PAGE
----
malawian woodcarver

Woodcarving at Lake Malawi

In the morning, I opted to go for a woodcarving lesson in the local village outside of Kande Beach camp. I wanted to gain an understanding of the work that goes into the beautiful chiefs’ chairs, three-legged tables, bowls, salad spoons, necklaces and keyrings they hand craft.

I asked to make something simple, so set about making a personalised keyring with the help of the local craftsman (who was at the time making a Big 5 chair) and one of the beach boys. We used teak wood for the keyring, but they also use ebony and mahogany.

Marking the teak rectangle out in pencil, I chipped off the four edges to round them and carved deep grooves into the wood. Being new to a woodcarving, I struggled especially with the corners so was glad of the local craftsman’s assistance to chip out perfectly rounded lines! Before long I had my name on one side and a giraffe on the other, and once it was properly sanded it looked much better – even if my carving wasn’t perfect!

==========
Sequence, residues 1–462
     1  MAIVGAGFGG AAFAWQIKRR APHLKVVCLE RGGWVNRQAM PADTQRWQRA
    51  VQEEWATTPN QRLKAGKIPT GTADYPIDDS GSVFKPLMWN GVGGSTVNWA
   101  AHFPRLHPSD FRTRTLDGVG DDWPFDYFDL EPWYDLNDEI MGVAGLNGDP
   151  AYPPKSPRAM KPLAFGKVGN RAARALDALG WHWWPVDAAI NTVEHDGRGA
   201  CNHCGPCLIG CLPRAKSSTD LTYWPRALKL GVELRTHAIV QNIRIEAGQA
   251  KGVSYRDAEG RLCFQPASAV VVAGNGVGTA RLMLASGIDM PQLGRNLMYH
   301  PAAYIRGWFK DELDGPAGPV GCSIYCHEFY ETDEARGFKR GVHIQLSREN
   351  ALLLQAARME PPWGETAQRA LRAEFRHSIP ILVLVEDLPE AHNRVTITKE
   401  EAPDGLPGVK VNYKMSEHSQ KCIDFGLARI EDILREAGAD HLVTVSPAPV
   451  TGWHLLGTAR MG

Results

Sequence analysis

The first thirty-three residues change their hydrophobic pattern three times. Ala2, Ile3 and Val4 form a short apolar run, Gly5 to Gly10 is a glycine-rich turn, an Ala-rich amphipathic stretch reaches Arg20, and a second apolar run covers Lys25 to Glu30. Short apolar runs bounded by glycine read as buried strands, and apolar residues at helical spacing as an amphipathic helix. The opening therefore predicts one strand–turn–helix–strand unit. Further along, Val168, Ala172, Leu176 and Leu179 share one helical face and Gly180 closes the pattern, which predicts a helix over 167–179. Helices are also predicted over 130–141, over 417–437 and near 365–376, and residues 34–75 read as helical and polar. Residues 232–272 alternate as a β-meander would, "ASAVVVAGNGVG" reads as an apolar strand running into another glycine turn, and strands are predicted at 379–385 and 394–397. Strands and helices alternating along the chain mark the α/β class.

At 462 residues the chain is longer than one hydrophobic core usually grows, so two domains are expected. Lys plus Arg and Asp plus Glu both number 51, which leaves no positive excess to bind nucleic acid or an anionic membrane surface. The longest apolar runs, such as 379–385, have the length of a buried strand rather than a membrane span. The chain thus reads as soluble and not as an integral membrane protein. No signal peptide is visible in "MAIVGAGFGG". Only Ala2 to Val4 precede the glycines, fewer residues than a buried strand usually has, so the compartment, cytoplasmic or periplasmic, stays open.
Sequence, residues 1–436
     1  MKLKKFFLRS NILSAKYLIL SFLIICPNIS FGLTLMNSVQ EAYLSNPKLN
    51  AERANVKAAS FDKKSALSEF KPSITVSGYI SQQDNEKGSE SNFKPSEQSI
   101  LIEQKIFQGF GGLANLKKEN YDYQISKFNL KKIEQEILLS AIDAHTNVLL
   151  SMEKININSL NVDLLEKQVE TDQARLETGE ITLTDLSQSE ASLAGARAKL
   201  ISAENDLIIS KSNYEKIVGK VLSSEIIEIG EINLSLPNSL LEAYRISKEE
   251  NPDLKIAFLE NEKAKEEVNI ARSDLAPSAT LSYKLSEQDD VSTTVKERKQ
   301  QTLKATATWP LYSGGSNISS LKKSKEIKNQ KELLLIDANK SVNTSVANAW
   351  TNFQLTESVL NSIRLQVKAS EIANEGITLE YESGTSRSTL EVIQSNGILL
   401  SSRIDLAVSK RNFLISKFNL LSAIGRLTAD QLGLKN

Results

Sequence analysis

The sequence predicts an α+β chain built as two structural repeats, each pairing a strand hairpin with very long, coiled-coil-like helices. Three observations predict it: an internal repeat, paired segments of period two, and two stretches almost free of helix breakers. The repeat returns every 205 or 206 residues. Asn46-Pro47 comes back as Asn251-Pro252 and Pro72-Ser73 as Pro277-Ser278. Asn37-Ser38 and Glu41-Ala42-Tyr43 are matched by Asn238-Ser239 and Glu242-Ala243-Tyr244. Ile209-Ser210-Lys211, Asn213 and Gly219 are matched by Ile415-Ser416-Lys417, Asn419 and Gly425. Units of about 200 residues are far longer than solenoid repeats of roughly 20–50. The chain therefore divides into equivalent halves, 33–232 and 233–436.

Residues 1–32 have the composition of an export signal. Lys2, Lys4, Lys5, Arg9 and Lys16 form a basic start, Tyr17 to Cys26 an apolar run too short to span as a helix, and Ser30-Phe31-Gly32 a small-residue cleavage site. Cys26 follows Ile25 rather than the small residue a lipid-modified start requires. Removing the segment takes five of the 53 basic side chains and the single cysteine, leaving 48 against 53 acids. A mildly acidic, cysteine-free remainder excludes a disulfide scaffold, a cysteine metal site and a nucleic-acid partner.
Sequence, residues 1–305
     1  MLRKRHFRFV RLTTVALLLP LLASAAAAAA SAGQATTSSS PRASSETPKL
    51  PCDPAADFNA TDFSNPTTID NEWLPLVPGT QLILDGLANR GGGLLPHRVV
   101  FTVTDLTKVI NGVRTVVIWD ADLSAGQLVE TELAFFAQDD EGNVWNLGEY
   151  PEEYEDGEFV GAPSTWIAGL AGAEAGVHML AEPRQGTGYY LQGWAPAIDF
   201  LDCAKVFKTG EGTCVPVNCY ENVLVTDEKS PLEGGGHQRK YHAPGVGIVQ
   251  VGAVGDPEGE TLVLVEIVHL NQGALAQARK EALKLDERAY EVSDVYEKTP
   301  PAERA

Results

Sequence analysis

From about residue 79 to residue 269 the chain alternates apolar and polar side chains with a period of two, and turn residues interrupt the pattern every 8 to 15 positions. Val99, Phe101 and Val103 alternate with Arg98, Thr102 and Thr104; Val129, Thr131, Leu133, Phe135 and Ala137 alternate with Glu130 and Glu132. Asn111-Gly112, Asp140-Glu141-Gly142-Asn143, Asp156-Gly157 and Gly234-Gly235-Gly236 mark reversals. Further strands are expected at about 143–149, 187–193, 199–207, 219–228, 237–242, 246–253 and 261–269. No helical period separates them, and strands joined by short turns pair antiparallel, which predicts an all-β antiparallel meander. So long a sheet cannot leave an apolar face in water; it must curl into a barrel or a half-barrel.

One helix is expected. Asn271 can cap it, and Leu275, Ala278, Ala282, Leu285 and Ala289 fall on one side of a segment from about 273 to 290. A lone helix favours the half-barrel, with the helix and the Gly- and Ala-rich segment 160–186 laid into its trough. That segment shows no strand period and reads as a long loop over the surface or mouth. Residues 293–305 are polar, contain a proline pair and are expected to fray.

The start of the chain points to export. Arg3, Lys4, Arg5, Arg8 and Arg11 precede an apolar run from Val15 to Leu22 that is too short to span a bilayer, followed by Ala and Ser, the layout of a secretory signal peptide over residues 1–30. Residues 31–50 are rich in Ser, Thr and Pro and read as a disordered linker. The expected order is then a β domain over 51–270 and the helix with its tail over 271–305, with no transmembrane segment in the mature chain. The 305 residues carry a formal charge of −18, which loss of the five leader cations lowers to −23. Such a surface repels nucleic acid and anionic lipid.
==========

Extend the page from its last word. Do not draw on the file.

To my surprise, I learnt that the boys polish their wooden creations using Kiwi Dark Brown shoe polish – I had never imagined they used that! It’s applied using a toothbrush or similar, left in the hot sun for a few minutes and then buffed to a shine with a cloth.

keyring

I was actually pretty impressed with the finished article. I asked them to make me a set of salad spoons featuring a giraffe and elephant, with my name on the back. The general rule with pricing is whatever they ask, halve it and perhaps a bit less. I didn’t haggle as hard as I could have – I got to a price I was happy with and agreed on it. They are not wealthy and I don’t mind helping them.

My wooden pieces are prized, not only for the relatively rare wood they are crafted from but also the expert carving ability of the Malawian who made them. Wood in general is one of the most readily available natural resources in Malawi, with skills passed down by family members and taught in Expressive Arts classes at school. There are markets everywhere aimed at quite a low number of tourists, and it was in Malawi I saw the most spectacular and elaborate woodcraft designs, mostly depicting wildlife or village life.

Back at camp, I spent the afternoon and evening enjoying the lovely weather and camp – relaxing in a hammock, sitting in the sun around the bar and chatting to our group.

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